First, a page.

GREGORY: And he is also not strategic, certainly it's been strategic about how they have approached North Korea as an administration, to give them credit, but I don't think Trump is strategic. I think he just goes from punch to punch, and very much like he did in the '80s, full page ad complaining to Reagan about America getting ripped off in the world and being made to look bad. And I do think in this case it's important that America not get separated strategically from South Korea and South Korean thinks we can do our own deal with North Korea because that could hurt the overall effort.
CUOMO: Right. Now, this is a metaphor, but it is an opportunity for a little bit of insight into president existence. We have a Pete Souza who was the presidential photographer obviously for President Obama, and he has a picture of the desk, but the picture up of the desk, the red button that is actually on the president's desk. You see it down there. It's to call the valet, which is what the president uses to get whatever he wants. Supposedly President Trump uses it because he drinks a lot of diet coke.
CAMEROTA: So that is not the nuclear button?
CUOMO: That is not. And if there were a second one, imagine how daunting that would be if you have two buttons and you get them confused. The red button is just a metaphor, but it was an interesting opportunity to show the desk.
One of the things that we know whether people like it or not is that President Trump's tendency, his inclination is to think about himself. He does not surrender the me to the we. So isn't that, David, the threading of -- are his White House tweets, are they White House policy? Yes, because he's the president. Is his mind on policy when he tweets? Very often the answer is no.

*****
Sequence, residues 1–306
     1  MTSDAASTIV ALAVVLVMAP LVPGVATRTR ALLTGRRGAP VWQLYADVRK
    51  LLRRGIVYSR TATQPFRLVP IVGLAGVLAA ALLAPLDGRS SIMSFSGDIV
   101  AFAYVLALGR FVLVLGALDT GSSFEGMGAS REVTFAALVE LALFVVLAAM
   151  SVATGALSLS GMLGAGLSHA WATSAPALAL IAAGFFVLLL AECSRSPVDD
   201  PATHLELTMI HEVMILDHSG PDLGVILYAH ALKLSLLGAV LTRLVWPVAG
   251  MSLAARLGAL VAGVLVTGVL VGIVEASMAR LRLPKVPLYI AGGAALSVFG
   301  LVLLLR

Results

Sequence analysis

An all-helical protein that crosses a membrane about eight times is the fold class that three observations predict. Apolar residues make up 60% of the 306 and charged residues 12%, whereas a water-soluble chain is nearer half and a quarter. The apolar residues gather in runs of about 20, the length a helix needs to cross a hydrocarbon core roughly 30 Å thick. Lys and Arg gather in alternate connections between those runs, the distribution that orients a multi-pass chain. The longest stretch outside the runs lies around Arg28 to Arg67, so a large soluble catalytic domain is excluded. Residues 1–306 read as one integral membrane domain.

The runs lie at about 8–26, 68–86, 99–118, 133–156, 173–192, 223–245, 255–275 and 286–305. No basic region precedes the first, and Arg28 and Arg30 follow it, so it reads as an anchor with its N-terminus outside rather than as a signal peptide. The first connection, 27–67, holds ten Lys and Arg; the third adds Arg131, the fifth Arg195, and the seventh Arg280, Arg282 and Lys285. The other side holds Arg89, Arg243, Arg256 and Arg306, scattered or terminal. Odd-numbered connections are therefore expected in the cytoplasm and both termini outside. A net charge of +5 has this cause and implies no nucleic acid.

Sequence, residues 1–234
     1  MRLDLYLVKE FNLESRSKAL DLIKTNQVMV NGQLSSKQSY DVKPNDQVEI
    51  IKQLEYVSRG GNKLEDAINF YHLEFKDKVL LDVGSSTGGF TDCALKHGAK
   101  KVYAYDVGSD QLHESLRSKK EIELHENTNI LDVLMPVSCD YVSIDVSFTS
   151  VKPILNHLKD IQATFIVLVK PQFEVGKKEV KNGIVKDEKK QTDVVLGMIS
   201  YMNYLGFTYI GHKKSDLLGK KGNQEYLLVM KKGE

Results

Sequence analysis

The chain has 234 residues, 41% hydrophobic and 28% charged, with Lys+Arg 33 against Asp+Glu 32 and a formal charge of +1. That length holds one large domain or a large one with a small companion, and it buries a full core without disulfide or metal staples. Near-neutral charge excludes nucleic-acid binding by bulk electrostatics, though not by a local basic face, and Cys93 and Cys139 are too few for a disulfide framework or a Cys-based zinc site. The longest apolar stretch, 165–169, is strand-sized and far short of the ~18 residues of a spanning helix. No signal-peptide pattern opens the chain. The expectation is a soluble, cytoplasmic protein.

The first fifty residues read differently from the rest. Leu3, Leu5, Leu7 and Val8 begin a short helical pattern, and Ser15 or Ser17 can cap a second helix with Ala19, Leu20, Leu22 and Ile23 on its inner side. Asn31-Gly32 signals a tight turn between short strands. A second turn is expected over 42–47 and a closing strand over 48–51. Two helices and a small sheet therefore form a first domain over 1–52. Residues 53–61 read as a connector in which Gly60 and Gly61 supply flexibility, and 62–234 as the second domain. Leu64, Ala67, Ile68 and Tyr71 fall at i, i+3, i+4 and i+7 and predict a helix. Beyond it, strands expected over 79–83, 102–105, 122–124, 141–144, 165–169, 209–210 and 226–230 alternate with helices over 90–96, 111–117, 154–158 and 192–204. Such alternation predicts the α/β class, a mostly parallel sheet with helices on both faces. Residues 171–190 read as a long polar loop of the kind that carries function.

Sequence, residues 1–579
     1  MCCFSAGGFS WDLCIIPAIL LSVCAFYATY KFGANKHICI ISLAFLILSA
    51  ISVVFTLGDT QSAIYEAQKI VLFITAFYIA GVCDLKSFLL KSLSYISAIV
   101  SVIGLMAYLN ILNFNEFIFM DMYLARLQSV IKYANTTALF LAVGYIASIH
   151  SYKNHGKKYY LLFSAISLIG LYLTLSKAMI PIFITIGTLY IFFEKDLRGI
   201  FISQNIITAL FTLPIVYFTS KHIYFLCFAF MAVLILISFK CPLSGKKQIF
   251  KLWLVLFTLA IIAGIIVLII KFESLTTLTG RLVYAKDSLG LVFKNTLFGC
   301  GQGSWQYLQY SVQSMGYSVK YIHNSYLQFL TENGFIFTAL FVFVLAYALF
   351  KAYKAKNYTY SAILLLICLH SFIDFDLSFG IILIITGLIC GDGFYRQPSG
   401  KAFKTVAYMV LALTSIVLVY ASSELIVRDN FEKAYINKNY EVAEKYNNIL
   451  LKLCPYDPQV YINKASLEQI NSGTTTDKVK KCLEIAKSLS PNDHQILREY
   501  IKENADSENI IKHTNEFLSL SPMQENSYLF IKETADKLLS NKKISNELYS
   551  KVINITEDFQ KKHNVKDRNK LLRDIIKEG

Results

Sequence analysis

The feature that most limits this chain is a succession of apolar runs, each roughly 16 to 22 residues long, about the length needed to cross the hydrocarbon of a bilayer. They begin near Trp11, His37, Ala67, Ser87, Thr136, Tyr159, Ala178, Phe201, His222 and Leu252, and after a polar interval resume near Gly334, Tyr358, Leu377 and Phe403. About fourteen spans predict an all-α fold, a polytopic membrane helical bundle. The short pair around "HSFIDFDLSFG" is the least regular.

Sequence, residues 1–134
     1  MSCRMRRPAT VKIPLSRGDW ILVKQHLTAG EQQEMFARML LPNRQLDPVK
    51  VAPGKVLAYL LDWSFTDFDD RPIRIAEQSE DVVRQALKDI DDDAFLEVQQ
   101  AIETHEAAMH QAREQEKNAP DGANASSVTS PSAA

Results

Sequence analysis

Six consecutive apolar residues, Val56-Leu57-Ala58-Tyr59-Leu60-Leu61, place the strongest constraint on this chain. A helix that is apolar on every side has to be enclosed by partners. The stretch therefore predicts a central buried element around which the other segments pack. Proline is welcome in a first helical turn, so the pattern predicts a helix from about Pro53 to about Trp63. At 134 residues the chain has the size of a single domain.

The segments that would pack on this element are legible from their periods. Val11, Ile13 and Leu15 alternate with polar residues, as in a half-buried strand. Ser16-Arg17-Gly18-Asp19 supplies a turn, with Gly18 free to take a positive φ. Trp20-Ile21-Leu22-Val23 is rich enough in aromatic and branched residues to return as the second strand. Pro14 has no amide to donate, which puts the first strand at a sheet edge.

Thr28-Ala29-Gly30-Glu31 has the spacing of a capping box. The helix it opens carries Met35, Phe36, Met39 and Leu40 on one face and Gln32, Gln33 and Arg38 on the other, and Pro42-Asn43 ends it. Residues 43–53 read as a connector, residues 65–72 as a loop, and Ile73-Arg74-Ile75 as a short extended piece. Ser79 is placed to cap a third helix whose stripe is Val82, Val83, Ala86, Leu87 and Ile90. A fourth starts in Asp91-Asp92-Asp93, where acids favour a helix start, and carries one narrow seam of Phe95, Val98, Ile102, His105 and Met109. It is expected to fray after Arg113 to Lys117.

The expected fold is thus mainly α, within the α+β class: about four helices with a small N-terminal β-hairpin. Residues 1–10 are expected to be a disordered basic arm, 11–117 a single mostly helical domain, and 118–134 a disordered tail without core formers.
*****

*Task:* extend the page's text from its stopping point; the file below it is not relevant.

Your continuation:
GREGORY: Right. Maggie Haberman I also thought had really great insight about an hour ago where she said the president has been on vacation, he's talking to people, he is outside of the bubble of being president where I think he operates a lot of the time. It was Ron Klain who worked for Vice President Gore and has been a big Democratic strategist and a really big thinking said there is no Trumpism. There is not as much of an administration as there is him. And that is something to really consider.
So when he, as president, separates himself from a tradition of American leadership, again, I say he goes small and he goes trashy and he goes cranky. I don't think that's effective. I think it can really hurt the United States over the longer term, and we are not going to see that immediately. If you look at "The New Yorker" piece about how China has handled Trump, there is a migration away from the concept of U.S. leadership to other powers who are asserting themselves in the world, like China.
CAMEROTA: So Chris, isn't this lunch with Rex Tillerson, the secretary of state, going to be interesting today? You could also say who knows what his backchannels were producing, what the by-product of whatever he's been working on while the president was undermining him in tweets saying don't even deal with North Korea, but here we are. Something has shifted and something has worked in terms of at least the Korean peninsula talking, and we know Rex Tillerson is a short- timer, so what's going to happen at this lunch?